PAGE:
Where + When: 7:00 at Greensboro Coliseum, Greensboro, N.C.
Where to Watch: ESPN2.
Lines: Vegas: Duke -13 KenPom: Duke by 11
That six letter word that starts with a B. I'm not crazy talking about it, but it can't be ignored: a win here would vault the Terps right back onto the bubble. I'm still of the opinion that they'd be on the outside looking in, given their poor non-con schedule and subpar ACC regular season showing, but two wins over Duke - one of those coming with a full-strength Ryan Kelly - is the type of resumé booster few schools can boast. It'd at least get them back in the conversation, though, and crucially would give them a chance to all but a clinch a spot against UNC or FSU. And as an added bonus, no one's really expecting anything. A loss isn't a disappointment, so the players can play loose or free.
40 minutes. There's only one way to beat a team like Duke, and that's playing the entire game through at a consistent, high level. That's not been the Terps' strength this year, as we've seen displayed perfectly in Maryland's last two games. There was the the flying first half against Virginia, when they looked like they were going to run the Hoos out of the building before the utter second half collapse; then they looked like getting bounced by Wake Forest in the tourney opener, only to play as efficient a second half as we've seen from them this year. This type of back-and-forth is part and parcel of being a young team, but the only way to have a chance tonight is through putting together a first and second half; going to sleep, even if only for a few minutes, is probably going to put Maryland in a hole too big to climb out of.
Rubber match. The last time Maryland won a season series with Duke: 2007, when the Terps swept the Blue Devils home and away. Now they have a chance to repeat that, for the first time in six years, as they come into the deciding game. The odds aren't great, but after so many years of being easily dealt with, the chance to finally come out on top on the year is mighty int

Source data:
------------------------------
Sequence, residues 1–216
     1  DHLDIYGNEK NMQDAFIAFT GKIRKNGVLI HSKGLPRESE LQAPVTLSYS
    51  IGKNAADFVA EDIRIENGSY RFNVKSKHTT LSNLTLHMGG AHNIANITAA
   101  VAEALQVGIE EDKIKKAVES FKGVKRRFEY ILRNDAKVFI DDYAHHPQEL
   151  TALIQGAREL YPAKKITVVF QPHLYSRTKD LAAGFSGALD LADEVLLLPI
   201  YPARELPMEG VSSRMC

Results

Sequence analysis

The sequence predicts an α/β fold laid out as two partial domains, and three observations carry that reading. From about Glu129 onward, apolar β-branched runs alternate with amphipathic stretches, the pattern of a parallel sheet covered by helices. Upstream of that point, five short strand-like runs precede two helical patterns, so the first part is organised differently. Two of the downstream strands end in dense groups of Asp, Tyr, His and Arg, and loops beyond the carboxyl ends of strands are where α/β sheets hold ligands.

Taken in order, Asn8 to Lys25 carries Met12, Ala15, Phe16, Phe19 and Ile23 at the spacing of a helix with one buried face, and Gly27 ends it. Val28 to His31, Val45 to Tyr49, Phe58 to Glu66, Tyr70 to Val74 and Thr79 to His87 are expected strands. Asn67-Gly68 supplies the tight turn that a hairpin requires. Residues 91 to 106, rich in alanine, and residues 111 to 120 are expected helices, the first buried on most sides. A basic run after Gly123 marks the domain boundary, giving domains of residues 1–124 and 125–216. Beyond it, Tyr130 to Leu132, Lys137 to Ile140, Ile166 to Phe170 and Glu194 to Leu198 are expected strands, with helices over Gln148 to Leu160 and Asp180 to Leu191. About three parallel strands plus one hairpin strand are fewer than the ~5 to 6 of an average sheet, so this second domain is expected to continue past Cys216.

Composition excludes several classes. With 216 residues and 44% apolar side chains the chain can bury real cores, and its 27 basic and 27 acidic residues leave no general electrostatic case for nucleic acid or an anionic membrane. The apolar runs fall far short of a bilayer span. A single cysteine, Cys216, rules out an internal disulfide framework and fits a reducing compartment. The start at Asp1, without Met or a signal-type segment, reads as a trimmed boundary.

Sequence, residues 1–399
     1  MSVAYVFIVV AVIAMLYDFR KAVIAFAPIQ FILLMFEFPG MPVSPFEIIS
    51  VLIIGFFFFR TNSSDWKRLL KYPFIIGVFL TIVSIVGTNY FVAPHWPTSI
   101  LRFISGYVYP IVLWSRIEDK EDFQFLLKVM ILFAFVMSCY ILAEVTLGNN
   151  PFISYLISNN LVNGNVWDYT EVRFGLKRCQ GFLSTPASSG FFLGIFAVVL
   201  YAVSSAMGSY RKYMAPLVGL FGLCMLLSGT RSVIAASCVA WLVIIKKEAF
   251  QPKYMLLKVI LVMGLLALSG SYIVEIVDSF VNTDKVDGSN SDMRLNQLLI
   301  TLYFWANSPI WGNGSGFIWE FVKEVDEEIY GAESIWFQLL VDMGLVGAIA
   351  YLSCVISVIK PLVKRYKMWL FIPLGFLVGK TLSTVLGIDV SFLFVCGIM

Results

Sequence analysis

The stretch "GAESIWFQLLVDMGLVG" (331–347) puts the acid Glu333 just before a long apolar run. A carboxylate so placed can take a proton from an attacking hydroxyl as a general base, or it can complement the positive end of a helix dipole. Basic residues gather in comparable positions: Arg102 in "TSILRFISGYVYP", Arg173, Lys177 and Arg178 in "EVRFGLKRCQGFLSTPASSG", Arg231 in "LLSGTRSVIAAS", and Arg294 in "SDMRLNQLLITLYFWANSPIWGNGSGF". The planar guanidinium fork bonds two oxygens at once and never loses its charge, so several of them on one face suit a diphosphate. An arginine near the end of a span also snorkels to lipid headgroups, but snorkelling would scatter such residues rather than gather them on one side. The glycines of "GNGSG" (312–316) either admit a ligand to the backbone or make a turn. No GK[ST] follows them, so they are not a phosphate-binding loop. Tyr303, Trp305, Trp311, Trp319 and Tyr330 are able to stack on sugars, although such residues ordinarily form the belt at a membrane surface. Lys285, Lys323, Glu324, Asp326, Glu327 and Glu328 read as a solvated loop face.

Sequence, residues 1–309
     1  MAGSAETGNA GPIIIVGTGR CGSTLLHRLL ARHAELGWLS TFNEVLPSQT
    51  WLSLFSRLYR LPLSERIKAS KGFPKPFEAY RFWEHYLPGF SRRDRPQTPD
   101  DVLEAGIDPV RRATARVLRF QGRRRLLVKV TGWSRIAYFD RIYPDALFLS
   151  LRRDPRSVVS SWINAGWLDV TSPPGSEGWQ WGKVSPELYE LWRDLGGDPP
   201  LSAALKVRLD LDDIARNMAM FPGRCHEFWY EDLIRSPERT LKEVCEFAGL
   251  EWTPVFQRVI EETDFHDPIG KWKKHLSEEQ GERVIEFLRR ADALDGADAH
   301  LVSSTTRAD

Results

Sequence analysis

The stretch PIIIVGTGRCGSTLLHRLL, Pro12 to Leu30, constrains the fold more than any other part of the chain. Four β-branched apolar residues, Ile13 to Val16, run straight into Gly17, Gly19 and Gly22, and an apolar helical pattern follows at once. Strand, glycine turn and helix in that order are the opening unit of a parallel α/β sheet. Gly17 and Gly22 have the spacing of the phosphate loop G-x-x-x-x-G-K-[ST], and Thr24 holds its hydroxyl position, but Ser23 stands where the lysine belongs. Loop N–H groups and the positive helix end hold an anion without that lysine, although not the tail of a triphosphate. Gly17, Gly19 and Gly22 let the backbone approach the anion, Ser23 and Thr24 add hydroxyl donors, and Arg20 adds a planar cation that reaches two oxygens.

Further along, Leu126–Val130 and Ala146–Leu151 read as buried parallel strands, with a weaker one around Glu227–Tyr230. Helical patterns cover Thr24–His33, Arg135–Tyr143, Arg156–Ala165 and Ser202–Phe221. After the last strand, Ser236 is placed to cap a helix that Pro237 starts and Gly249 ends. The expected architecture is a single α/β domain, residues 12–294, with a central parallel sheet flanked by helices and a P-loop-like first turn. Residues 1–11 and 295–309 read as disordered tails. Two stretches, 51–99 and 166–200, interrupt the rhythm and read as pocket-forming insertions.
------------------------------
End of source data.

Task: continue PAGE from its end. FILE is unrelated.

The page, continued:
The Opponent (An Overview)
You already know everything there is to know about Duke, probably, from the first two matchups. The only thing that's changed is that now the Blue Devils have an extra weapon: Ryan Kelly. And he is firing. In his first game back, he went 7-9 from three and dropped 36 points en route to Duke topping Miami; then he went for 18 on Virginia Tech; things were quieter against North Carolina, a team that has the length and athleticism to defend him, but he's still a matchup nightmare, a deadeye shooter, and a serious problem for Maryland.
He makes Duke's M.O. that much more obvious: they're a team built on perimeter threats, with three starters who shoot upwards of 40% from deep (Kelly goes upwards of 50%) and a contributor off the bench in Rasheed Sulaimon who can light it up himself. All that spacing creates room for Mason Plumlee in the middle, and while he's hardly a regularly dominant force - Alex Len schooled him the last time the two met - he's still as good a big man as there is in the ACC. Defending them is nigh-impossible if they're hitting shots; they're just too good with the ball, and there are just too many ways for them to beat you.
There's only one thing they don't do well, and luckily for Maryland it's their biggest strength: rebounding. Playing with only one true post player can make things hell for defenses, but it leaves Plumlee stranded when it comes to cleaning up the glass. Much ado was made of Seth Allen and Maryland's efficient offense the last time the two met, but perhaps the biggest reason Maryland won was that they more than doubled up the Blue Devils up on the glass, winning the boards by a +21 margin. Unless Plumlee goes crazy on an at-times lackadaisical Alex Len, there should be a similar showing here, and taking advantage of it - limiting the Blue Devils to one shot, and getting plenty of second chance points themselves - is a necessity to have a chance.